‘Freights is like a lake today,” our surf instructor Bodie announces in his typically laid-back manner, as he manoeuvres the jeep around the sandy roads of Barbados’s south coast.
I picture Freights Bay, the beach we have surfed on for the past two days, its waters oscillating between turquoise and sky blue, waves that rise before falling like a breath exhaled. Where, occasionally, a turtle raises its head above the water as surfers straddle their boards chatting in the sun.
This has been our introduction to surfing, two girls who, prior to this trip, professed an incurable fear of the sea.
Yet, within half an hour of our first lesson, we were standing on our boards, gaining speed, learning to turn, paddling back out and beginning the process again. There were falls of course. “But out here,” Bodie reminds us time and time again, “falling doesn’t hurt.” And it doesn’t.
Bodie, a surf instructor with 25 years’ experience, has been doing all the hard work: looking out for appropriate waves for us beginners, reminding us of the advice he gave us while on dry land, pushing us on our boards as the waves approach and shouting instructions, encouragement and constructive criticism. We hear little of the latter as we whoop our way in, but we keep paddling back out to take it all on board.
But, two days in, there are no waves at Freights and it’s time to get serious.
So, we are off to Surfer’s Point. This poses a few issues for us. Firstly there are actual waves here. Although we can still stand in the water, here the sea is much rougher. Two days of surfing in Irish skin means the back of our legs are burned and sore.
There are also many more people surfing in a smaller space, so Bodie reminds us of the evasive strategies he taught us on day one. “Duck underwater, your hands on your head to protect yourself. Come up with your hands pointing above your head.”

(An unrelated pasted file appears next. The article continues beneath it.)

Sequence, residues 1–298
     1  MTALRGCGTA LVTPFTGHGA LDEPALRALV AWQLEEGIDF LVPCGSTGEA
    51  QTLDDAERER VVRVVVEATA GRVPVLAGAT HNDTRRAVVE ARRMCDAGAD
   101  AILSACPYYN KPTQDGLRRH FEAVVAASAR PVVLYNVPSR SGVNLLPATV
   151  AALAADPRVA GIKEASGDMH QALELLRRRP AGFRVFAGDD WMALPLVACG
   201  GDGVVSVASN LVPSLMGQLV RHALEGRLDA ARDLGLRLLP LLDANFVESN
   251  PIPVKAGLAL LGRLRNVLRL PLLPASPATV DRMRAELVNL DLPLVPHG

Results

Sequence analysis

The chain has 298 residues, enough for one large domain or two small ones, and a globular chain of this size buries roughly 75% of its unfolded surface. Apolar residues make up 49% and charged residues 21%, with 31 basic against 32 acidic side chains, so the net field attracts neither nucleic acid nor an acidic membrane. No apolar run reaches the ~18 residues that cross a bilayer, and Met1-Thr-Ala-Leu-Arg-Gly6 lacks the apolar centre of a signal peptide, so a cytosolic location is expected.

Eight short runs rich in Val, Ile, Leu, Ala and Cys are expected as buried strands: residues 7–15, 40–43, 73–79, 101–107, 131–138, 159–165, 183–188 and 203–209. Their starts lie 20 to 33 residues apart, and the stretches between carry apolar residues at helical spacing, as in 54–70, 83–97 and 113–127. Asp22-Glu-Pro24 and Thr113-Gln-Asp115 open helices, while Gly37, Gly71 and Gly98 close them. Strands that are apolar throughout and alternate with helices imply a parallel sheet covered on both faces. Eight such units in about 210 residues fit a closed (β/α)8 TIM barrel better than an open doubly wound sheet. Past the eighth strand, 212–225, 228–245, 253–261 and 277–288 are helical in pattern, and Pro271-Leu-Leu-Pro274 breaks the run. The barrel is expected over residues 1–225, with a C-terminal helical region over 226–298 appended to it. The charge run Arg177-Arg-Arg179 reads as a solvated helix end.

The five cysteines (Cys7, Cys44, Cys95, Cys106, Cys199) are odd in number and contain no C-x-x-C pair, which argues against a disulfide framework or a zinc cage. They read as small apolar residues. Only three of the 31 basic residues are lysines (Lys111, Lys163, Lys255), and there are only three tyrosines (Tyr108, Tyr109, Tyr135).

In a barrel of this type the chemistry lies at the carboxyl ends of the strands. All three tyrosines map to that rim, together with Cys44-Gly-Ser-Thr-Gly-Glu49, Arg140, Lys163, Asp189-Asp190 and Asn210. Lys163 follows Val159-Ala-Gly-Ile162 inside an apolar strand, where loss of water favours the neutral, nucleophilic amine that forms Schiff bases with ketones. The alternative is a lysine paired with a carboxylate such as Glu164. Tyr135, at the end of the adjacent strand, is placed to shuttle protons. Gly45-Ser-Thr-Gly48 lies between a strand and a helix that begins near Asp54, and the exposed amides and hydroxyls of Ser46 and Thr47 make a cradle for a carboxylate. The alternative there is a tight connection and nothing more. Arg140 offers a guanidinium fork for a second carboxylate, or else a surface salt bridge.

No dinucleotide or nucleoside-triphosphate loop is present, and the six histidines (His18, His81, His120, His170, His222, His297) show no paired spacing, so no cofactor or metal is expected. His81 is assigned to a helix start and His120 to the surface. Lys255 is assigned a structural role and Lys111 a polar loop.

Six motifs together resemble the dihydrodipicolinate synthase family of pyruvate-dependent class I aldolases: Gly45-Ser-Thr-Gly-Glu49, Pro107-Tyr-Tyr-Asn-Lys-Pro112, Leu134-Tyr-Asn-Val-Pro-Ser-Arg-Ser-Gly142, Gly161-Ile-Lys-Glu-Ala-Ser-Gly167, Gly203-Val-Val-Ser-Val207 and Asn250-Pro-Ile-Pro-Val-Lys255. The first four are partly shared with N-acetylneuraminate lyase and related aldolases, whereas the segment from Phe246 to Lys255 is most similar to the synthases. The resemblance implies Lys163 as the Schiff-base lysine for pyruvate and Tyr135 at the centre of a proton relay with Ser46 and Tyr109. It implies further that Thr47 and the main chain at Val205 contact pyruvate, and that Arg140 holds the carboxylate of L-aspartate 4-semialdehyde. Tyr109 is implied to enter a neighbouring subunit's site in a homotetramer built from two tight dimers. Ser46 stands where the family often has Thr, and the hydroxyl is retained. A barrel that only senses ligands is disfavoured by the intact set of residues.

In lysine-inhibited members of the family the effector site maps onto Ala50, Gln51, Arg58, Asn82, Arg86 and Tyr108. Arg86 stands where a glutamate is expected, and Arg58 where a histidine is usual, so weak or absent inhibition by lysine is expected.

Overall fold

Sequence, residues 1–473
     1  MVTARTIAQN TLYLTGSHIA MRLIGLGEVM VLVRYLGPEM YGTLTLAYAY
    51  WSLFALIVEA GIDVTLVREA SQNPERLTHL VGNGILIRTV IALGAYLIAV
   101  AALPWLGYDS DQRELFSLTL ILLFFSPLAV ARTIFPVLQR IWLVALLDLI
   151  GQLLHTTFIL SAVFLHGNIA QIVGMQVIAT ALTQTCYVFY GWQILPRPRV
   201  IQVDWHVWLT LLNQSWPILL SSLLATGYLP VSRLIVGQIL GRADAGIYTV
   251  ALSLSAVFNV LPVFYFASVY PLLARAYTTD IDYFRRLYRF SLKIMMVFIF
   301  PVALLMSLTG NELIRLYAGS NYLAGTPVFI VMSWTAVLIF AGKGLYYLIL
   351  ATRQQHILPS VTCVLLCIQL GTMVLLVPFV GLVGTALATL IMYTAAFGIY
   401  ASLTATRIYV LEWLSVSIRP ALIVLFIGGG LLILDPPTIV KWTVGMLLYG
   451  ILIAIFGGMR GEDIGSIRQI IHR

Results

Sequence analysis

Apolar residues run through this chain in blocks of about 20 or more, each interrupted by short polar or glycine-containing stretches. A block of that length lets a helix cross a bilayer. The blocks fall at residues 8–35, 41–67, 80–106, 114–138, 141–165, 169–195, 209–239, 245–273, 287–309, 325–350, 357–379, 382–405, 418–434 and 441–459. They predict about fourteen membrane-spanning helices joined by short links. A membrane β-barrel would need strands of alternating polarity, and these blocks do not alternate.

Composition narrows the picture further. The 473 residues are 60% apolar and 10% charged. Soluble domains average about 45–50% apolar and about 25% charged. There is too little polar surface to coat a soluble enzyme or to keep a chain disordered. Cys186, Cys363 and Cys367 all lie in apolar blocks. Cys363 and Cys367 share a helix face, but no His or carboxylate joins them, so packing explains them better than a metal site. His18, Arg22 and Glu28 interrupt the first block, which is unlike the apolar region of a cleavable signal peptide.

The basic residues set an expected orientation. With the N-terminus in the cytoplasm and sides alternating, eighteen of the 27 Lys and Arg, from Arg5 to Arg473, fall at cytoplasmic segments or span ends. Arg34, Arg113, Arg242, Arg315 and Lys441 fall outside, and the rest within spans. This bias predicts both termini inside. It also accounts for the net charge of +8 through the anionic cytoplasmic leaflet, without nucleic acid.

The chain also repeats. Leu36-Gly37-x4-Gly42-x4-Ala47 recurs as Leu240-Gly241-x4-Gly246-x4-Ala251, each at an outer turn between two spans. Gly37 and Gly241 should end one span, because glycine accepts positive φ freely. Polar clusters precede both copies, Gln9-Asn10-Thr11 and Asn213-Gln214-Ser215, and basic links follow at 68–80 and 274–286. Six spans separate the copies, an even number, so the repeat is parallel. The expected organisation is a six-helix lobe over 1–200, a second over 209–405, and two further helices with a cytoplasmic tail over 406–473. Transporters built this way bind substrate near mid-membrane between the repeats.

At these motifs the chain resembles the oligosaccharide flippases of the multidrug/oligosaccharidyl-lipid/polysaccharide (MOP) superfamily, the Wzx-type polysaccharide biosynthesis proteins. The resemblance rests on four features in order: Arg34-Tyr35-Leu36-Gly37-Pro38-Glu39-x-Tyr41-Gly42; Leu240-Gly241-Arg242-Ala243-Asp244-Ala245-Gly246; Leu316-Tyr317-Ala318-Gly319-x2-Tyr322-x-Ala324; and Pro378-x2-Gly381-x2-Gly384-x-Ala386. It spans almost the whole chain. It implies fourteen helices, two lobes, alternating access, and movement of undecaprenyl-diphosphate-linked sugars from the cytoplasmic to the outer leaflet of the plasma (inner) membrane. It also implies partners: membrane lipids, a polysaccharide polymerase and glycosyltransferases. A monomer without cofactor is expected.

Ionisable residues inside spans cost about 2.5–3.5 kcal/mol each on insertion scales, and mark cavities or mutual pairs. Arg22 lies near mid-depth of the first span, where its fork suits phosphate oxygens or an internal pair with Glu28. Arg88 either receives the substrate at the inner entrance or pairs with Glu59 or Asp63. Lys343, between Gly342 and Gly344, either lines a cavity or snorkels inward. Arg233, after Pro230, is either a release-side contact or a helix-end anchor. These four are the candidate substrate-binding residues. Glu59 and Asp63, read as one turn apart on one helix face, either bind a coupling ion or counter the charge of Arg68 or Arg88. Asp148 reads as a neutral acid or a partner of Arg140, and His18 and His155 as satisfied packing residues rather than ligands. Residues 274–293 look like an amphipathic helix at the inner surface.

Within 20 minutes I have to make use of this advice. A learner in his early teens falls from his board, which darts dangerously towards my face. I go under and emerge unscathed. Paddling back out I am constantly jostled by the waves and feel exhausted when I make it back to our starting point.
And then a wave approaches and I forget anything other than the desire to get up on the board and ride to shore. In short, I am a surf convert (without a single utterance of any surf talk . . . dude).
Back on dry land after our lesson it is time for a well-deserved beer. Hiding from the 30 degrees heat we look out at the view. It's as you'd expect: coconut palms swaying over white sands. It may be a cliche but here, on an island roughly half the size of Louth and smaller than the Isle of Man, this is a constant backdrop. It is the sight that greets us from our balcony in the morning, that jumps out at us from the gaps between the shops in the coastal town of Oistins or from behind the pastel houses that cover the island.
So activity, check; afternoon beer, check. Now, where to eat? On this, a tiny island where fish is king , we find ourselves returning time and time again to the fish fry in nearby Oistins.
Located next door to the fish market, every menu boasts roughly the same fare: mahi mahi (known as “dolphin” locally – don’t be alarmed), kingfish, marlin, snapper, jerk chicken and spare ribs. Sides on every board include macaroni pie, potatoes, salad, breadfruit and plantain.